When the One was first announced, HTC highlighted a particular feature as markedly different from competitors' offerings: its camera.

Instead of cramming eight, 13 or 16 megapixels in the sensor, HTC declared war on pixel count when it decided to inject the One's snapper with a unique Ultrapixel sensor that's home to four large megapixels, a count that's decidedly low for a flagship phone.

The idea is to produce high quality images in even the lowest of light settings as bigger pixels (2.0 micrometer versus 1.1 micrometers found in 13MP sensors) take in more photons.

"I've heard people say we've created the best Instagram food camera," Symon Whitehorn, director of special projects at HTC, told TechRadar in a recent interview, drawing attention to the exact type of real-world situation HTC says most consumers use their cell phone cameras in nowadays.

We chatted with Whitehorn on the cusp of the One's U.S. availability, available at American carriers and retailers starting today, and touched on a number of topics related to the phone's camera tech and HTC's future imaging plans.

Camera issues

The One's release was marred by an initial delay, ironically caused by the very part that HTC is so keen on promoting.

The hiccup, which HTC's PR team insisted couldn't be commented on, was a public relations smudge and an issue that led to HTC's worst financial slump to date.

But with the phone finally becoming widely available, HTC and Whitehorn are setting out to remind people why they should bother with the One and its spec-defying camera technology.

"We're anti-useless megapixels," Whitehorn explained about HTC's thinking in choosing "just" 4MP.

"There's this unhealthy motivation with spec wars. Phones are reaching an ever-greater number in specs without that meaning anything.

"For too long the industry has been burdening the consumer with a meaningless metric. It's become the de facto measurement to judge quality in a camera."

This is a credo we've heard Whitehorn wax about before, and though the phone has garnered largely enthusiastic reviews despite its low pixel total, a few questions remain about what HTC plans to do with the tech moving forward.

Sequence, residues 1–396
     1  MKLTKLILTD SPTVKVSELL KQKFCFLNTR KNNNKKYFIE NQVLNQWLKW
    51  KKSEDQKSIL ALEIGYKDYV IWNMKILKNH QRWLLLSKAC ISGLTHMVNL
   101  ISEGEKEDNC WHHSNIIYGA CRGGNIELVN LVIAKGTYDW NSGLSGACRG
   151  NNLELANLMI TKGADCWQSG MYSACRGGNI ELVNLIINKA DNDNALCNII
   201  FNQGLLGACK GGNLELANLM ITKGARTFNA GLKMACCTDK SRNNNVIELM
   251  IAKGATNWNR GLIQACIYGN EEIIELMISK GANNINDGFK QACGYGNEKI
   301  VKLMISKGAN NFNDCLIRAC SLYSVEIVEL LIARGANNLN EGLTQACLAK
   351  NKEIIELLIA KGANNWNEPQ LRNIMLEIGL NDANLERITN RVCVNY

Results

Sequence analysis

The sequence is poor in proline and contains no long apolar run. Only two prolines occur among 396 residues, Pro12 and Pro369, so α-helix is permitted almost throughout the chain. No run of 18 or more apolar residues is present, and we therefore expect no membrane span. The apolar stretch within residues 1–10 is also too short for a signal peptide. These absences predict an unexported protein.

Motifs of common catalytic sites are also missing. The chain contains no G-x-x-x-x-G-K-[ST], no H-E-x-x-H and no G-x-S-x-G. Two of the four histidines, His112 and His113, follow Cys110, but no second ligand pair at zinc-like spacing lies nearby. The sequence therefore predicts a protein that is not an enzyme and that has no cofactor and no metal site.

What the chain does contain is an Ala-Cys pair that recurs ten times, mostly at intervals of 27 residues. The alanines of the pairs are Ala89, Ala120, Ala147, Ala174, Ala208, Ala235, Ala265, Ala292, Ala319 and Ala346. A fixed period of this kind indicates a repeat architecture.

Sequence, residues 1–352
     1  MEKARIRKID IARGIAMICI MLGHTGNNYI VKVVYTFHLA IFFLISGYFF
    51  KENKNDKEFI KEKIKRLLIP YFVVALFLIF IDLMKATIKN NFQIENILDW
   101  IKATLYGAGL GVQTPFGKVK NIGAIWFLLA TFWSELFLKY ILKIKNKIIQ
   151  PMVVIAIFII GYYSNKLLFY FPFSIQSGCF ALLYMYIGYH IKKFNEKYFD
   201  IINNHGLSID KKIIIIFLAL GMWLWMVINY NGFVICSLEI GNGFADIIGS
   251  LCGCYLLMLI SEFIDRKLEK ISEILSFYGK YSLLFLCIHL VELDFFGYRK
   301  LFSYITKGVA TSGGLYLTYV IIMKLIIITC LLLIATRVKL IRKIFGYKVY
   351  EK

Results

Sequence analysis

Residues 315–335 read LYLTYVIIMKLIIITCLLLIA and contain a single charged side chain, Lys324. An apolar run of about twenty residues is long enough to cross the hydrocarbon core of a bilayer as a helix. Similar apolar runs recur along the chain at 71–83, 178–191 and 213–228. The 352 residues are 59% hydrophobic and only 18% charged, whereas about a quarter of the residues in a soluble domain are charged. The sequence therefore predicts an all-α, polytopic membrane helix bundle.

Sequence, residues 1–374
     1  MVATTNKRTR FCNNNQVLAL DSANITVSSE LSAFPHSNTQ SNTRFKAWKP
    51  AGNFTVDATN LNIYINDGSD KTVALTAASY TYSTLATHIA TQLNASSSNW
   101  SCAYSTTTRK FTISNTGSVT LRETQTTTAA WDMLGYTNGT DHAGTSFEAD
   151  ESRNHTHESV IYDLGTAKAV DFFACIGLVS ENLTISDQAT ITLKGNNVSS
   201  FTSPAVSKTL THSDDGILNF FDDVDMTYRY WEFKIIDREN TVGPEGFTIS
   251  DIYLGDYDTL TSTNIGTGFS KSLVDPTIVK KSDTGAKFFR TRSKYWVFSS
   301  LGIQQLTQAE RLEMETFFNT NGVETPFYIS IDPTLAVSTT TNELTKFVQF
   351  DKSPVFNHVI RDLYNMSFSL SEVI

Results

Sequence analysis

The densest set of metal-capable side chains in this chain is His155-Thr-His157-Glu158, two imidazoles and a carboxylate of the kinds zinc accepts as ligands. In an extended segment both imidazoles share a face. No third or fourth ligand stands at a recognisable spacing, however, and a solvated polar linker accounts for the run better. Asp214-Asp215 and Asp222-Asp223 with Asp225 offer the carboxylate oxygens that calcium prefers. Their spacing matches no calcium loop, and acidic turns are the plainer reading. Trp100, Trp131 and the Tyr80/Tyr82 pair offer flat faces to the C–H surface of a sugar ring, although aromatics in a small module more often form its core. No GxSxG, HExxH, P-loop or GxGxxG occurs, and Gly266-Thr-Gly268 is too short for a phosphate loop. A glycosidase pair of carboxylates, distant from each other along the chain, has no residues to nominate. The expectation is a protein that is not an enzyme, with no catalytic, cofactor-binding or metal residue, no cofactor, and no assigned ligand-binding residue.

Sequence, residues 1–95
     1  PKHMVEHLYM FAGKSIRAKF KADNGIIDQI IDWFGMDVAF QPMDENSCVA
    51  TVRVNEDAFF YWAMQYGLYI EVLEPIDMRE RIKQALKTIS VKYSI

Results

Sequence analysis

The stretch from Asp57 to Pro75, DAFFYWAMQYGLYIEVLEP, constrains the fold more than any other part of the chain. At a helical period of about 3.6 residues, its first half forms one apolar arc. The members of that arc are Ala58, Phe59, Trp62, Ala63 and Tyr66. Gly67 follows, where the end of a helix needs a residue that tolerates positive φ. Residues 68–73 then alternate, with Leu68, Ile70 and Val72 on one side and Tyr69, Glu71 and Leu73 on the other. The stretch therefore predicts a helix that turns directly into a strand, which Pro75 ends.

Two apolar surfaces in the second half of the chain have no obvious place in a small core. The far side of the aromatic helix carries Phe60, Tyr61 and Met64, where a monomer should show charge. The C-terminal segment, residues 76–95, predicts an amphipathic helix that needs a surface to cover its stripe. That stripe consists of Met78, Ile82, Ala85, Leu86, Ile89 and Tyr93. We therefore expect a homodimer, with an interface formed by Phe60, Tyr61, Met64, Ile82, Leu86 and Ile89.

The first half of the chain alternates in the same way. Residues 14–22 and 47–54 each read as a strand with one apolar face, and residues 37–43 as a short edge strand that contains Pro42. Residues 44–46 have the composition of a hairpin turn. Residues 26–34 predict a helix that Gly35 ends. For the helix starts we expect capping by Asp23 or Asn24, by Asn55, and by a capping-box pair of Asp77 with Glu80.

We were curious about whether the company could add more megapixels yet still maintain low light quality should customers ask for a higher number to decrease image noise, an issue we encountered when we reviewed the One.

"The problem is you have to increase the sensor size, which means that changes the relationship with your lens," he explained about increasing MPs. "You have to get a bigger lens and other components and it makes the phone very big and heavy.

"We find our consumers want to have a slimmer product, and we'd have to look at those tradeoffs. We'd have to start reconsidering what we want to do if the phone becomes too bulky.

"We're not seeing a lot of need for [more pixels], but if we see a change take place, such as an uptake in 4K, we'll reconsider," he continued. "We're not wedded to any technology. We're not ruling that out, but we don't want to give the Ultrapixel up easily."

It certainly doesn't: According to Whitehorn, HTC wants Ultrapixel around for as long as possible.

"We're currently into the Ultrapixel technology," he said. "Will we use the same sensor in future phones? Probably most likely. We're also examining other types of sensors, but we're tied to this one for the time being."

HTC One
HTC's camera sensor for now

Highs and lows

We learned last month that the One's camera tech could one day make it to lower-end HTC phones, and Whitehorn said expanding Ultrapixel across the company's product line is "of course down the road." There's even evidence such a phone is in the works as we speak.